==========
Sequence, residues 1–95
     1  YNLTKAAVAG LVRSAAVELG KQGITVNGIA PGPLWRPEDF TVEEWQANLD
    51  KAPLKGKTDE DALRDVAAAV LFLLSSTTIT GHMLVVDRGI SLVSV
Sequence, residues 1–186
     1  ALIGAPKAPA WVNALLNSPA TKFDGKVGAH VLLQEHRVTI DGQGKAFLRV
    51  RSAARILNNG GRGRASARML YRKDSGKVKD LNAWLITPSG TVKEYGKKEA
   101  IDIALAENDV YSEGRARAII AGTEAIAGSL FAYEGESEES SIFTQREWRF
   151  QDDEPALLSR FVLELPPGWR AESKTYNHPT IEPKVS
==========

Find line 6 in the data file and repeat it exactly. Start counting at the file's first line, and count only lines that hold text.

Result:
    51  RSAARILNNG GRGRASARML YRKDSGKVKD LNAWLITPSG TVKEYGKKEA